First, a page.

I recently read Gift of the Unmage by Alma Alexander, the first book in her Worldweavers trilogy. Galethea Winthrop, Thea for short, is the main character in this great new young adult series about a girl who has lived her whole life under the shadow of magical expectations. But with the failure to come into her magical ability, whole new worlds open up for Thea. Ms. Alexander took the time to answer some questions about her series, writing, reading, and even the World Science Fiction and Fantasy Convention.
In a market that is dominated by fantasy books that have central characters who are powerful magic users you have created a character who is magic-less to an extent. What is Thea’s appeal?
My editor once said that she is EveryTeen. I think her appeal lies in the simple fact that she is not a superheroine from the word go. She is, on the contrary, a complete misfit in her world - or at least so it seems, on the surface. This is something that most kids will resonate to - there are times that even high school clique queens feel lonely and outcast, it is part of being a teenager, your moods and your hormones and your world views change with the moon (or so it appears to the outside world) and that's fine, it's normal, it's expected, it's all a part of growing up and growing into an adult personality and form. Thea doesn't get presented with her solutions on a silver platter -- she has to work to first understand her problems, and then on how best to make things better -- but although she is given help along the way it is she herself who eventually makes her own choices and solves her own problems. Sometimes being a powerful magic user just isn't enough - you have to learn something first, often something hard, before anything you do or think or feel has importance or weight or meaning.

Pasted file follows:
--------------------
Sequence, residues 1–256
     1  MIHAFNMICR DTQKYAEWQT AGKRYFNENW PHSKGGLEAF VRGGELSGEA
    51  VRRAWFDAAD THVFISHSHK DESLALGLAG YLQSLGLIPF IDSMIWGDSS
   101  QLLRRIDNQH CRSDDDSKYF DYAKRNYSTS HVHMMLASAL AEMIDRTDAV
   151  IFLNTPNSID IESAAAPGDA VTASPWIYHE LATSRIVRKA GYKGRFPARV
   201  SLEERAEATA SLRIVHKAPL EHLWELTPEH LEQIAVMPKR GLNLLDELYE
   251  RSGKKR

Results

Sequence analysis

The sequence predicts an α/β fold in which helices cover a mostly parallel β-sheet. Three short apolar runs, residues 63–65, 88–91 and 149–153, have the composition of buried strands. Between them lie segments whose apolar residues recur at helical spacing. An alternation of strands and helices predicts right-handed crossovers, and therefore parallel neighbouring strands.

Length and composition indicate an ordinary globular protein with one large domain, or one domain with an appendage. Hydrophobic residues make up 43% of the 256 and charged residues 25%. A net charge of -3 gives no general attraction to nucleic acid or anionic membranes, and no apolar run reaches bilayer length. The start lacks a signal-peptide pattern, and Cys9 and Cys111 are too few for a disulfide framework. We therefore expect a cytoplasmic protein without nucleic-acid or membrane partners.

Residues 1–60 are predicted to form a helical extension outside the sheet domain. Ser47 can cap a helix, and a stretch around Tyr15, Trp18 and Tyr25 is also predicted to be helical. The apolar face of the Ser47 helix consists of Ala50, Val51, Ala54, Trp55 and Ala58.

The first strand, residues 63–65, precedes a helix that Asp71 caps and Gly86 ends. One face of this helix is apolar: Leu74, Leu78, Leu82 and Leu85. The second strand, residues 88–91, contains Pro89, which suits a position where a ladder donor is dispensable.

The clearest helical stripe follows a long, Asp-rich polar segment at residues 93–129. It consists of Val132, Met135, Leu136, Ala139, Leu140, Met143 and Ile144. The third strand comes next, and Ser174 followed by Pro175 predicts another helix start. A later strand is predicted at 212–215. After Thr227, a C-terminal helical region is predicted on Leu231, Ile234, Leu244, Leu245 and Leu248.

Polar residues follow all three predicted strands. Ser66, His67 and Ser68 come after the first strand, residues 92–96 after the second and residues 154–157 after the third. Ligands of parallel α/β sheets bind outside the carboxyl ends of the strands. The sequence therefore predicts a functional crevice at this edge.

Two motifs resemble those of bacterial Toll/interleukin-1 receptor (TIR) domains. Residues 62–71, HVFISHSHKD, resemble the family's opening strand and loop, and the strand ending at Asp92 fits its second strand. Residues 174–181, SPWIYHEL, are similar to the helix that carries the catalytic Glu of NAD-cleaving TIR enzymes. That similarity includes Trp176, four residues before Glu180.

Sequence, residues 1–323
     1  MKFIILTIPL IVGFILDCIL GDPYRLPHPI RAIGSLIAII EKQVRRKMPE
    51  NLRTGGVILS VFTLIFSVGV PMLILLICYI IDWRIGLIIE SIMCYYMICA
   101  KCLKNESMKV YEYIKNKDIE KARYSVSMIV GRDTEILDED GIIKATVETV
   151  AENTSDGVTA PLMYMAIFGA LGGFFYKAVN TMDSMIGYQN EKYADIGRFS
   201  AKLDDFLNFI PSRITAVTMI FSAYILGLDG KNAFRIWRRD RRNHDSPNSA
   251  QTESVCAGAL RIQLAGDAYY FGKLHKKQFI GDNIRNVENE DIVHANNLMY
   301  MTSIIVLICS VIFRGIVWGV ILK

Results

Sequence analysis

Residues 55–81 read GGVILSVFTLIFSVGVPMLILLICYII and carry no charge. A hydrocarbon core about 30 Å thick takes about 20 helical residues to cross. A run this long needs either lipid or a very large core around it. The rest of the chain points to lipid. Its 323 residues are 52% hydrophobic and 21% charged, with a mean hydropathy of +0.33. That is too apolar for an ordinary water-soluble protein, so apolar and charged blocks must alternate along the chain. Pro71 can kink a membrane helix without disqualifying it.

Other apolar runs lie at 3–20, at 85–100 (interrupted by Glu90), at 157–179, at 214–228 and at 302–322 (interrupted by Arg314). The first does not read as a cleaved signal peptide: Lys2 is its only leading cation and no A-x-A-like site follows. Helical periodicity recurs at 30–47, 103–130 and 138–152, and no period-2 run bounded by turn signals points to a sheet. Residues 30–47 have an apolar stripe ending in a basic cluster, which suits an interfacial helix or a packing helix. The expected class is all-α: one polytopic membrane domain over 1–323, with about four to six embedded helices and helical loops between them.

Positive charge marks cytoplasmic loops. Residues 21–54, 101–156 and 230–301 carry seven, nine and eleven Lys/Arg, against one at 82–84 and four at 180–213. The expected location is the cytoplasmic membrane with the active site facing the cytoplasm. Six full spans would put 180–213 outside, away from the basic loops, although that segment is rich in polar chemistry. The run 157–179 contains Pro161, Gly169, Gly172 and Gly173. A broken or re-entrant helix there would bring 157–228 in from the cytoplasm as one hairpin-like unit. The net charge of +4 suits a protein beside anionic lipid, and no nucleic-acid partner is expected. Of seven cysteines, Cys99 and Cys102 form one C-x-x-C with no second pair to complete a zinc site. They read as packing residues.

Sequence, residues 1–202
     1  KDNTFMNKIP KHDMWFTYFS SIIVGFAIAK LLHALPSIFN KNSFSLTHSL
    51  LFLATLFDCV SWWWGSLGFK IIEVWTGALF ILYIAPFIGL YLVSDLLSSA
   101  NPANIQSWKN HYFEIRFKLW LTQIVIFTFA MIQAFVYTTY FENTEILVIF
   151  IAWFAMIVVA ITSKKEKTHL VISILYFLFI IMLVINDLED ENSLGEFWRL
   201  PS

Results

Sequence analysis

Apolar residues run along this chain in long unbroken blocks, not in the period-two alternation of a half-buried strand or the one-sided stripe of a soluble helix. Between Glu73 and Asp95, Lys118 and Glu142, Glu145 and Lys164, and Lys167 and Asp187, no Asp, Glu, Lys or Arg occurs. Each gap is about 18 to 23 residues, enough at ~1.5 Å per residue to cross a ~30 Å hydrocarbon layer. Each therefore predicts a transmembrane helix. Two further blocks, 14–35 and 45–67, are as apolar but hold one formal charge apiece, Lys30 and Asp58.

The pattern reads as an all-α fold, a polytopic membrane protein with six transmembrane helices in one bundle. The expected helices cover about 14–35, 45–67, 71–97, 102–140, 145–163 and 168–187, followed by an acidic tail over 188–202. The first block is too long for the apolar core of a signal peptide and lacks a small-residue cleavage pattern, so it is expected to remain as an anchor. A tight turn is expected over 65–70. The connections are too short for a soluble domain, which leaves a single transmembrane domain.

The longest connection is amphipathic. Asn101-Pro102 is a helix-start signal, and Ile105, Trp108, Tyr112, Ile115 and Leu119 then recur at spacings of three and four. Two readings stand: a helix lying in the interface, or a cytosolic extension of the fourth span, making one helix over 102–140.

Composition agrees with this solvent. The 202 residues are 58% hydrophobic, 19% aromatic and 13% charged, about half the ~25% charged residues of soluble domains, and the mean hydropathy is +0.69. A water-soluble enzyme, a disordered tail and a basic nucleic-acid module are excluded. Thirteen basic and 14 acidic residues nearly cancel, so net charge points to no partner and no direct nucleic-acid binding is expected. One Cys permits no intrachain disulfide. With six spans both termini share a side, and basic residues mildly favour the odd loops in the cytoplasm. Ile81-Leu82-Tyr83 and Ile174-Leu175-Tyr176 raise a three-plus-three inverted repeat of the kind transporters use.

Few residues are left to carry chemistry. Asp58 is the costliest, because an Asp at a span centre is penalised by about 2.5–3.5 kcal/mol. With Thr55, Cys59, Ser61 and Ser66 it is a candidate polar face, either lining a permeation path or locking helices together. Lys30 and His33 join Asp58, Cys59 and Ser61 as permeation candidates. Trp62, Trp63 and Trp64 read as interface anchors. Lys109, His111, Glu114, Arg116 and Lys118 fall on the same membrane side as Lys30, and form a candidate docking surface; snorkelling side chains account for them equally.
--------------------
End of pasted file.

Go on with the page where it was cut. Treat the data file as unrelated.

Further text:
In Worldweavers you have done such a wonderful job of weaving into your story Native American myths and legends. What drew you to those myths vs. the traditional European myths that most stories use for a base?
Few people know about them. I guess that's a double-edged sword because readers will instinctively gravitate to the familiar, and the well-trodden paths of European mythology are far easier to travel on than the thorny thickets of the unknown. But American kids are not European kids, and America has its own treasure box of mythology, and it's been barely cracked; and there are so many wonderful tales here, so many extraordinary characters, so much joy and drama and tragedy. All this is all the more powerful because it is so new and unknown - but also, there is the added bonus that these myths and legends are far more a part of an American young reader's heritage than Rumpelstiltskin is. Or they should be, anyway. This is what this country's mythological roots are.